Well, you gave us a good scare. I want to document this as much as possible before the details get too jumbled in my head. By now, you know you were born eight weeks early, but the story does a great job of illustrating the moments of humor and joy even when things are at their scariest.
The day before you were born, your mom wasn’t feeling well. She had lower abdominal cramping and was heading to the bathroom frequently. We had planned to drive up to your Aunt Krissy’s on Thursday night to stay with her before heading on to the bed-and-breakfast — we had been planning a last quiet weekend together before your arrival. We opted, based on mom’s condition to go in the morning.
Around 10 p.m., we went to bed. Your mom couldn’t get comfortable, so she went down and slept on the couch in the basement. I was so tired, I barely noticed. Around 1:45 in the morning on Friday, your mom woke me up and told me that her cramps were getting really bad and that she was bleeding a bit. She called the hospital and I threw on some clothes. They couldn’t reach our normal doctor, but told us to come in. We were in the car at 2:35 and headed north to the hospital. It was snowing a little bit and the roads were icy, and I was speeding.
By the clock on the dashboard, your mom’s pain was peaking about every 5 minutes. I tried not to think about it, and I focused on the road and not getting pulled over for speeding.
We got to the hospital in a bit over 20 minutes. Your mom went with the nurse and I did the paperwork. Then I went back and met them both. The nurse was checking your mom out, and then asked me, “How easily does Kate freak out?”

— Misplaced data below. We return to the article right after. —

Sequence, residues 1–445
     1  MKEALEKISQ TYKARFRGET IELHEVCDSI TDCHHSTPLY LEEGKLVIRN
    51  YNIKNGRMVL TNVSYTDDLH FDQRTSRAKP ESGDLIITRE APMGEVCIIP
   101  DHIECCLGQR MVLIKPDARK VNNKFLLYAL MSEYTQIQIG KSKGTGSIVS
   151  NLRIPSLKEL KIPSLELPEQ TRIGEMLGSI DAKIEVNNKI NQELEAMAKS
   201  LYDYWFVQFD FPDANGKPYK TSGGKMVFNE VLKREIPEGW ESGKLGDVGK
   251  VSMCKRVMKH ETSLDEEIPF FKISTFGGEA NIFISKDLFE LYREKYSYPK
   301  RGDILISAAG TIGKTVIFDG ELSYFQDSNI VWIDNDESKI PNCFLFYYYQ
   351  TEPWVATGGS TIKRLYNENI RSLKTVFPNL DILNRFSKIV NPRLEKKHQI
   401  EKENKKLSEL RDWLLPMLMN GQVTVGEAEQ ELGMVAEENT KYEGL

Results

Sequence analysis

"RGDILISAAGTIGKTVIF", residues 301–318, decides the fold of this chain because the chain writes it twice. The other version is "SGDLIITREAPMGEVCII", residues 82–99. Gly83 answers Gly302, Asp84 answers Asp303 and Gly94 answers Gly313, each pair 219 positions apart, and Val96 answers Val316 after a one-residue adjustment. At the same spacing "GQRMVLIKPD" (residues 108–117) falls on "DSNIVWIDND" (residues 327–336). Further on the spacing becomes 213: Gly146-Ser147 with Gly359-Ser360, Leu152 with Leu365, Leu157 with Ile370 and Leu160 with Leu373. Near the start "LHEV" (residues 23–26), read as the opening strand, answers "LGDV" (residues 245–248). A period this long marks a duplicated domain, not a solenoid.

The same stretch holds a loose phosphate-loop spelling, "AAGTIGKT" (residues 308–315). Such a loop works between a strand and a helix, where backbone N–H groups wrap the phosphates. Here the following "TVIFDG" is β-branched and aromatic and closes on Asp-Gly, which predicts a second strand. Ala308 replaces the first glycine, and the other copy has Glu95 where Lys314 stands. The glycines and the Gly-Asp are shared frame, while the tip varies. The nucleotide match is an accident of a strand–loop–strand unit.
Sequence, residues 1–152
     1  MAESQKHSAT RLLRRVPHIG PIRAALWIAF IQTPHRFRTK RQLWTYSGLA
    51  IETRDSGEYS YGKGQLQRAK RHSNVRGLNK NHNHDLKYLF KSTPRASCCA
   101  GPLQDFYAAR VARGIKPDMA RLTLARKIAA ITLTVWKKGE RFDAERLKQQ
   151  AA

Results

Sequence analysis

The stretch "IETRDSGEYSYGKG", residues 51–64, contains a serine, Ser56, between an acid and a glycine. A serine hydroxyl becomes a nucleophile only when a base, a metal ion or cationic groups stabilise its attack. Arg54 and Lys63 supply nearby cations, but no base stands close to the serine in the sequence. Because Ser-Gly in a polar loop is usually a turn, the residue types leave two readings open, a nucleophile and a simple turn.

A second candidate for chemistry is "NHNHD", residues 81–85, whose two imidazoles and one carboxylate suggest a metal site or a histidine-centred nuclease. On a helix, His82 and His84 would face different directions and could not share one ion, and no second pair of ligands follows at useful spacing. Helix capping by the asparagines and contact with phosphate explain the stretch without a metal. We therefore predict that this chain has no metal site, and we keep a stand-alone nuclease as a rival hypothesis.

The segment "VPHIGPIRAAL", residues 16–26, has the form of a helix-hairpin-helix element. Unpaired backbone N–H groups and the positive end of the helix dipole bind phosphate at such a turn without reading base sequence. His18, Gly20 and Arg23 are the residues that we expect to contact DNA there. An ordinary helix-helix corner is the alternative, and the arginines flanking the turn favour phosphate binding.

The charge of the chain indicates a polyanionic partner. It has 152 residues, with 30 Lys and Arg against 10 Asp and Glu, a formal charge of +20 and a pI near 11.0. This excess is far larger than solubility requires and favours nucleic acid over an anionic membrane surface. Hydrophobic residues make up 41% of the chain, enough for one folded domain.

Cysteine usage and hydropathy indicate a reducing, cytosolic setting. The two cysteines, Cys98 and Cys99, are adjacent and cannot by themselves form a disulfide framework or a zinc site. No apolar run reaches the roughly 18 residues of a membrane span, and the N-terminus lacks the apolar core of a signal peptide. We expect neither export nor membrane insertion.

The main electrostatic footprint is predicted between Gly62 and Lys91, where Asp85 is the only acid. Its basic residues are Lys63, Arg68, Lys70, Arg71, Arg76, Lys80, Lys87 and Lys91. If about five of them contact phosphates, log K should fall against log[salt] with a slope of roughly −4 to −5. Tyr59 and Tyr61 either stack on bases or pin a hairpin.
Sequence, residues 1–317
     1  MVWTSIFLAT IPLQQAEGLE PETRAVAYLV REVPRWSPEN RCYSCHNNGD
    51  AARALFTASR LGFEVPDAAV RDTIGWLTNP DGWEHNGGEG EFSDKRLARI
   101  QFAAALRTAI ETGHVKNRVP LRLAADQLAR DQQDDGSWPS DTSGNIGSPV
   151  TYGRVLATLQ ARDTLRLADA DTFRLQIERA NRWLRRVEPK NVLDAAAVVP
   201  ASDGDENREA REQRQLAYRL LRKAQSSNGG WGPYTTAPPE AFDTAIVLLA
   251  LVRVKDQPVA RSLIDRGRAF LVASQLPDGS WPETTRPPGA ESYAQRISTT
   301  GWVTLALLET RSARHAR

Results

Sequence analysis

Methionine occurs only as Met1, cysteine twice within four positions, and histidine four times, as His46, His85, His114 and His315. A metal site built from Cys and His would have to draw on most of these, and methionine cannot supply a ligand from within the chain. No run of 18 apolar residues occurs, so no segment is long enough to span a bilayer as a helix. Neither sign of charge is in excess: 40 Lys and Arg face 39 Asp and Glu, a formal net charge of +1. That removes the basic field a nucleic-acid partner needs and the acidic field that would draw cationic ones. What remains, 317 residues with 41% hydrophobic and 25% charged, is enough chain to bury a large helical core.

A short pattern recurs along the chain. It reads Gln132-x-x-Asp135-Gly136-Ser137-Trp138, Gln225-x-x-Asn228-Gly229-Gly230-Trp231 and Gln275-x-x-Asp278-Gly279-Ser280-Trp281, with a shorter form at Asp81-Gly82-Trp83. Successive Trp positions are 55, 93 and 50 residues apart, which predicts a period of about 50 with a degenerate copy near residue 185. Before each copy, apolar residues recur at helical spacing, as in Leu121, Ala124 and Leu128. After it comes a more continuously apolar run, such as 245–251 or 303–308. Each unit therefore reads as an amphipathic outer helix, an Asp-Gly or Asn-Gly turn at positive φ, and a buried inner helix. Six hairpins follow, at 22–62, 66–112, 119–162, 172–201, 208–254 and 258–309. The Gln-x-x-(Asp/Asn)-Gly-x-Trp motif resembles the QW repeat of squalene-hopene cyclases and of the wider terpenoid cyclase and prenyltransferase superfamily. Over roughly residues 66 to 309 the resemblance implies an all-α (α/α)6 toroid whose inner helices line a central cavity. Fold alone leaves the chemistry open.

I told her, “Not at all.” What I was really thinking was: it’s not Kate you need to worry about.
The nurse smiled, looked at your mom and said that she was already dilated to 9 centimeters (10 = birth is imminent) and that she’d likely be having you within the hour. Your mom said what I had been thinking: “It’s too soon.”
I reassured her that we were at a hospital with one of the best NICUs in the state. I was reassuring myself more, I think. I was terrified. We called your Auntie Allie and your Uncle Jimmy and Grandpa Mike and Grandma Eileen. And they started arriving around 3:45, I guess — the clock was a big blur. Allie came into the room with us and we helped and encouraged your mom give birth to you.
Four contractions, three pushes per contraction, and you were out! 4:19 a.m. on Friday the 13th of January. I was so terrified. Premature babies often have a lot of problems with their lungs, and a variety of other issues. You came out and you were so small — it breaks my heart to think about it now — and you were quiet for a moment. I remember whispering to myself, “Breathe. C’mon, breathe.” And then you did. You wailed. And my knees buckled. (I’m even getting a bit teary-eyed writing about it 19 days later.) I don’t remember the conversations, but we all laughed a lot. And I sat there and was proud of your mom — she’s so strong and so brave — and I was scared for you at the same time.
Four pounds, twelve ounces. Eighteen inches long. You were big for as far along as you were. Apgars score of 8. Ten fingers, ten toes. My little Bean.
And since then, we’ve been spending as much time with you in the NICU as possible. Every day, we see a little bit of change. You’re getting a little fatter and your face is filling out. Your eyes are starting to track in the same direction at the same time and aren’t creeping me out anymore. And, oh, the shape — you have your mom’s eye shape. You’ve been exceeding expectations. It’s been amazing watching you grow even in just these few days.
I can’t wait to bring you home.